Bone Light

In Bone Light, Orlando White’s debut volume, he explores the English language from a Diné (Navajo) perspective. He invites us to imagine that we, as a people all people in this imaginary country called the United States–are speaking an Indigenous language and that the English language exists merely as a remnant of the colonial past.

Despite its tenuous existence in this re-imagined present, English remains a danger to Indigenous thought, as it threatens to impose an alien worldview through its vocabulary and syntactical maneuvers. Historically, English was used by non-Natives to document Indigenous cultures; against this historical backdrop, White also writes to document, but he works to create something more beautiful than harmful. He does not attempt a critique of the English language; he works with it and against it to gain a better understanding of its peculiarities and limits, creating a relationship through these sometimes humorous, sometimes irreverent acts of exploration.

Throughout Bone Light, Orlando White approaches the English language as if he has just encountered it, as if it were a mysterious set of symbols. Focusing on the particles of the language, the punctuation marks, the letters, the spaces between word, he turns them a while in his hand like strange inexplicable artifacts from a lost world, then sets to work, refashioning them into something he can use.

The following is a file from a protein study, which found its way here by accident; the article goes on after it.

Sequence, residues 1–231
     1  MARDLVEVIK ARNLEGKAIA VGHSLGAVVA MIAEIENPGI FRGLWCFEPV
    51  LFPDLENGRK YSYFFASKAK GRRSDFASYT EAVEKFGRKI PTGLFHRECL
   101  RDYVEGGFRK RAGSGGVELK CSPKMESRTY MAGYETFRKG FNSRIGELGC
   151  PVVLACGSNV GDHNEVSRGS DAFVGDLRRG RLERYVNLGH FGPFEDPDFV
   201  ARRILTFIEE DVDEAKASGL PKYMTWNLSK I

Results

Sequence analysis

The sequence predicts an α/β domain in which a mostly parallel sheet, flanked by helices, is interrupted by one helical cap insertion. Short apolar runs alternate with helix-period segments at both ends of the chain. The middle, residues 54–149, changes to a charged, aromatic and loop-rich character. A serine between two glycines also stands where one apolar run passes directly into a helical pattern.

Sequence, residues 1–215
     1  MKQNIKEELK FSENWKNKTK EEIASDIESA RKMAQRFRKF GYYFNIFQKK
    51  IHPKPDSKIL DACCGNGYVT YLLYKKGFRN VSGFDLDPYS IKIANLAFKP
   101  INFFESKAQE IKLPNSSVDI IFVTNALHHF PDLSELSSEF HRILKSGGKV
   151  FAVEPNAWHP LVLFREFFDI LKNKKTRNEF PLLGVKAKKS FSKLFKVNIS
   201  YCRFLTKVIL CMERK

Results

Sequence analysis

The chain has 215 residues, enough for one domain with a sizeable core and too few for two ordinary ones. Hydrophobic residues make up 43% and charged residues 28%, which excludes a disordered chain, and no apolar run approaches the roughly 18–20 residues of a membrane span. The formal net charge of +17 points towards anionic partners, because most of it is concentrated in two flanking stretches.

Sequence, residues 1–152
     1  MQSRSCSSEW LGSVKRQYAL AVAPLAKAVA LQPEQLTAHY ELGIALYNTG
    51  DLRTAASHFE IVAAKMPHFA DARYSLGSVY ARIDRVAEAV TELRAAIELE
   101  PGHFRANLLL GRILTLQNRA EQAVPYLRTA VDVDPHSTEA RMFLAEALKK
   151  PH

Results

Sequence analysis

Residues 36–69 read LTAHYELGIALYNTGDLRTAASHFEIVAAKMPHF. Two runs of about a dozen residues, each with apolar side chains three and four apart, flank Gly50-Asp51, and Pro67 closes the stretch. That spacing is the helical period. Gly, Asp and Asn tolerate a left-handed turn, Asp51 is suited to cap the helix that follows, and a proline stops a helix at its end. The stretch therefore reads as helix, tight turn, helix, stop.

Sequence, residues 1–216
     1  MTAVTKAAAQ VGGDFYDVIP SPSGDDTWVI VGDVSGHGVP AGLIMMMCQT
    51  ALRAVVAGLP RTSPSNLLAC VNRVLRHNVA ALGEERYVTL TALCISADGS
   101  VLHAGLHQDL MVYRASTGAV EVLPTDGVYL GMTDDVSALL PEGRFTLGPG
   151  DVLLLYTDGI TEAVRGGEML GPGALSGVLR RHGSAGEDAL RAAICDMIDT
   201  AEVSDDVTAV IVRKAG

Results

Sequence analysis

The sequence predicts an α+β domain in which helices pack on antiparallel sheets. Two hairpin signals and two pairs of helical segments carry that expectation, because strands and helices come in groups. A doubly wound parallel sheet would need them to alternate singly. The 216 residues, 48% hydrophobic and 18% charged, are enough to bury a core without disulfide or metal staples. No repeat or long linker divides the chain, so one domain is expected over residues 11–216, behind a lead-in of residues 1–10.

Embossed text stating Bone Light and black text stating Orlando White over a grey background with minimalist abstract art of a black and red flower.

Orlando White

Publication Date: February 15, 2009

Genre/Imprint: Poetry, Red Hen Press

$15.95 Tradepaper

Shop: Red Hen, Bookshop, Barnes & Noble

ISBN: 978-1-59709-135-0


Elizabeth Robinson reviews Bone Light

Bone Light Orlando White. Red Hen (CDC, dist.) $15.95 (64p) ISBN 978-1-59709-135-0 Orlando White’s Bone Light recreates poetry from the molecular level. His vision presents language letter by letter: as […]

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